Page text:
Lots of choices, a little of everything seems to work. If you can, get your kids involved in preparing/helping, even if it's on the weekend. I just listened to a program about childhood obesity rates going down as more people cook and get involved in what they're eating, rather than grabbing the 100 calorie processed food snacks and the Capri Sun/juice box things.
Kids like to dip - so hummus or a healthy ranch dressing and different raw or lightly-cooked-and-quick-cooled veggies: carrots, celery, cucumber spears or disks, zucchini spears, broccoli florets, cauliflower florets, jicama sticks, even slices of fennel bulb, radishes, pepper strips. Fruit cubes - for fun, thread them on a long toothpick (I like the cocktail type with the little arrow head on the end because the fruit does't slide off, and they can even be brought home and rinsed and used over again): cubes of cantaloupe and honeydew, watermelon, kiwi, apple or pear (spritz with a little lime or lemon juice to prevent browning), grapes, pineapple, berries. Mix them up like little shish kabobs with alternating colors. Kids can have fun making their own the afternoon before. Just put the fruit chunks out in piles on the cutting board or maybe in little bowls, and let them create their own "kabobs".
Get one of those divided lunch containers with little compartments, and load them up with a little of everything.
In addition to sandwiches, you can try French toast sticks with a little powdered sugar - I make it with soy protein powder and a lot of cinnamon with the egg, and the dark cinnamon helps disguise the fact that I use whole wheat bread. Skip the syrup because it's messy - unless you use real syrup which only requires a dab (the other is almost all high fructose corn syrup).
Hard boiled egg disks (cut with an egg slicer but "reassemble" it and it fits perfectly in one of the compartments.
Sticks or squares of low fat cheddar cheese. Laughing Cow spreadable cheese (much better than any Cheez Whiz type of product) on regular Triscuits (just whole wheat and a little salt and canola oil, vs. Wheat Things which have high fructose corn syrup). Or put a little turkey or peanut butter or almond butter on the crackers - just as good as a sandwich, but kids think it's snack-y. Same goes for rice cakes.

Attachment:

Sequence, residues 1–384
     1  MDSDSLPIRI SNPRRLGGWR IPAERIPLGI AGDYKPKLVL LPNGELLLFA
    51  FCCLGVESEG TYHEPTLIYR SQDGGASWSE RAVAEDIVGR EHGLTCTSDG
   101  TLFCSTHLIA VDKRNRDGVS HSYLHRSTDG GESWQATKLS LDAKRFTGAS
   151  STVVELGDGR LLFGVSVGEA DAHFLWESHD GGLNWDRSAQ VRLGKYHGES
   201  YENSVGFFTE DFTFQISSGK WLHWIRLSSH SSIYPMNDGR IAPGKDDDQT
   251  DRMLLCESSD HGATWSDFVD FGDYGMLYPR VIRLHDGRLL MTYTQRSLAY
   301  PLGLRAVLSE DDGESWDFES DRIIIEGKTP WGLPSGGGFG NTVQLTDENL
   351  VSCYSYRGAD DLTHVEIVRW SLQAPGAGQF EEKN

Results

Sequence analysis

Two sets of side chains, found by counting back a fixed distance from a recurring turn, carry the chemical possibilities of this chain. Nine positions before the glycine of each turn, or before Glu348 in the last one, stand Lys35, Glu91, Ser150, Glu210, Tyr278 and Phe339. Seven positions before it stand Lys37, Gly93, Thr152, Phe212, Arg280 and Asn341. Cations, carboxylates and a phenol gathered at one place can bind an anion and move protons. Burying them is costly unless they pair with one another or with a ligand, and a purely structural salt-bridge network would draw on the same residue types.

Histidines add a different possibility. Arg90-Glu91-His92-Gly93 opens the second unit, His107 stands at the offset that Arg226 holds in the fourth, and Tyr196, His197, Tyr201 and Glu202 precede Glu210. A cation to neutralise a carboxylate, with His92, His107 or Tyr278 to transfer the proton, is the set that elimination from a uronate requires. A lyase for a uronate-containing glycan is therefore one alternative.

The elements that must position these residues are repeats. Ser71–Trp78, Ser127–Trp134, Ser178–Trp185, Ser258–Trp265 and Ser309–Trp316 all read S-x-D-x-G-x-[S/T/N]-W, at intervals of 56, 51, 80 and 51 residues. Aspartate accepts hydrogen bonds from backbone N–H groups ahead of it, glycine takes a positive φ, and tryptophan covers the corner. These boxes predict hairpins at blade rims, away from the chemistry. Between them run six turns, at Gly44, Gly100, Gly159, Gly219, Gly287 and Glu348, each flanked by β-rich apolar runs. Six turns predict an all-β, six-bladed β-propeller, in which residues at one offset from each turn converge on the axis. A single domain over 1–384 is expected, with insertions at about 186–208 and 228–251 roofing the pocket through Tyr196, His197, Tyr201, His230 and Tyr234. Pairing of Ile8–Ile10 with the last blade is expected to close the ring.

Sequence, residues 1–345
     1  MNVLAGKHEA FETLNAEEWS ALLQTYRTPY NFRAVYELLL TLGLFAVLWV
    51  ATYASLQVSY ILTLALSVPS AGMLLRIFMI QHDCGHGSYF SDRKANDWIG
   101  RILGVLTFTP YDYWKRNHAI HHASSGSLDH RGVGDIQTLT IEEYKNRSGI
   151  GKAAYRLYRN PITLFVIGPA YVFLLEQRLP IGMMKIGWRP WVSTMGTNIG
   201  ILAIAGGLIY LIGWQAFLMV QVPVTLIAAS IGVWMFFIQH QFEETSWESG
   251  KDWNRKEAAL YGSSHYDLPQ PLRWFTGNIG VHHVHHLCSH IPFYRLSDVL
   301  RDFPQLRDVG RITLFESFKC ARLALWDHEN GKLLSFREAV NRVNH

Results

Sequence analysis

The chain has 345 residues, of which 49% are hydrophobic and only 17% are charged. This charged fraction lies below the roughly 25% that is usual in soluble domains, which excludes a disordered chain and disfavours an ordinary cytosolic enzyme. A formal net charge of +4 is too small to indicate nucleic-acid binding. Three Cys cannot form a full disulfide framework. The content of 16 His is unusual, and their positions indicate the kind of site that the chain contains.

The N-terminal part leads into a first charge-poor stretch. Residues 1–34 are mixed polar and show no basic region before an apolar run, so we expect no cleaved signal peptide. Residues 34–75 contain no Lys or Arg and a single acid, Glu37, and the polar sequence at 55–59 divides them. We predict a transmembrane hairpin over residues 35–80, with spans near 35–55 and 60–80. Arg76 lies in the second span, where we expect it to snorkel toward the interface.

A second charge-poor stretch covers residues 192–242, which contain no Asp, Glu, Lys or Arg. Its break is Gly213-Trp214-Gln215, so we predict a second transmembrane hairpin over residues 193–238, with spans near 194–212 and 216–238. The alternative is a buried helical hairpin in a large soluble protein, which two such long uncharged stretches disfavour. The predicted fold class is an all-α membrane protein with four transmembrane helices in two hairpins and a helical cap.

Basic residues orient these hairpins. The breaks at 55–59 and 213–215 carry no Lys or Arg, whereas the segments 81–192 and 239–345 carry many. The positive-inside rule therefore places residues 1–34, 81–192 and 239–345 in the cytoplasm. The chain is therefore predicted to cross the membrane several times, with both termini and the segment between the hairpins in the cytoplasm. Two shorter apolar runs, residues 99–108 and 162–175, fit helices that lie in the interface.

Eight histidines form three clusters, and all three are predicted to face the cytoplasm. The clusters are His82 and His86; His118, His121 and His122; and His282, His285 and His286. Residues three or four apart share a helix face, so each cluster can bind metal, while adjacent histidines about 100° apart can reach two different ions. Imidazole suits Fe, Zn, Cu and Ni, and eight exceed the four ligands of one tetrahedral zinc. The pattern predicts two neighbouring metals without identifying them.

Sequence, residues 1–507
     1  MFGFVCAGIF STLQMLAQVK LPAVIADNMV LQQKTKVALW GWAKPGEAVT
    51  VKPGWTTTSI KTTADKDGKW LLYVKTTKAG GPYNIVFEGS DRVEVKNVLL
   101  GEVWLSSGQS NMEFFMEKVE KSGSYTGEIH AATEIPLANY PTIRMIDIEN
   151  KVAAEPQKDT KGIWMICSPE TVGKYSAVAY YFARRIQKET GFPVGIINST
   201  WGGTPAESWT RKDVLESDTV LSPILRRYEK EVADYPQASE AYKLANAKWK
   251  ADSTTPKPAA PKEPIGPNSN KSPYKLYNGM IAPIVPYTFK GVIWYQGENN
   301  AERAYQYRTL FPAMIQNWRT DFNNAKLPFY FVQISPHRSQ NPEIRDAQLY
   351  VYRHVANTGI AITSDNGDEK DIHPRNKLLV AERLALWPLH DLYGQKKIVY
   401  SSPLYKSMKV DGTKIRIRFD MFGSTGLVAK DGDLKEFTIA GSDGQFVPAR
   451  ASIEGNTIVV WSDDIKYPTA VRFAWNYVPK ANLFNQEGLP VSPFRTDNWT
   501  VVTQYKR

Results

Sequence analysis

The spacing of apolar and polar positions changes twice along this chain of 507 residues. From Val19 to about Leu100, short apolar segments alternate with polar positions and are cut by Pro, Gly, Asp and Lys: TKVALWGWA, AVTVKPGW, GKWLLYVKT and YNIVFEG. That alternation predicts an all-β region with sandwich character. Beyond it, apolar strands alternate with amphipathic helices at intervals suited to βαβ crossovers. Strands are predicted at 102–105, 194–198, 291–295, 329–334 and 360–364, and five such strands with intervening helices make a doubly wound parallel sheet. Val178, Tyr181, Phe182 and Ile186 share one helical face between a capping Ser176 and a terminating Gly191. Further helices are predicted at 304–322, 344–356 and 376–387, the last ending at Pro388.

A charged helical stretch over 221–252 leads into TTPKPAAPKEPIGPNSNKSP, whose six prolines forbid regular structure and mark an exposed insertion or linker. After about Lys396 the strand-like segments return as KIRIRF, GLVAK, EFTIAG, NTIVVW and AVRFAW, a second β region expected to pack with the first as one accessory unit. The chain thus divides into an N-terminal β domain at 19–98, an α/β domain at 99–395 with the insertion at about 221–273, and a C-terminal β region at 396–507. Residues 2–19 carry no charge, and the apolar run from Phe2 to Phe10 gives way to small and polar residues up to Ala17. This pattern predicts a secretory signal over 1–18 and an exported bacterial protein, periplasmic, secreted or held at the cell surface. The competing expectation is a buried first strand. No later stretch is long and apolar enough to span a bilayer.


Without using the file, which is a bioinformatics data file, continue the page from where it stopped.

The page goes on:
Wraps - a slice of thin turkey, thin sliced cheese, a leaf of romaine lettuce or a few spinach leaf if you can swing it, spread with a little hummus - roll, secure with toothpicks and cut in sections. Or make a Mexican wrap with a corn tortilla, spread with vegetarian refried beans, and add whatever they'll eat: chicken, other beans, cheddar or Mexican style cheese, some green peppers. Roll like a wrap, or fold 1/3 over, roll once, fold in the 2 sides, and then the final flap, and secure with toothpick. If they make their own, you'll have an easier sell.
A small container of almonds - great protein and crunchy. Use whole roasted ones, slivered, whatever they will eat. They don't have to be salted.
To drink: WATER!! Ideally in a reusable stainless steel bottle. Schools are going crazy hauling plastic water bottles in the trash. And it's just not necessary when tap water (better regulated than bottled water) is free.
I think it's great that you are looking for healthy solutions! A friend who is a kindergarten teacher just goes crazy when she has to deal with kids who have lunches full of white starch and sugar - the kids are off the wall after lunch and then crashing a half hour later. The kids from many other countries have much better snacks (e.g. kids from Indian families and many from Latin America have much more fruit/veggies and virtually no pre-packaged stuff).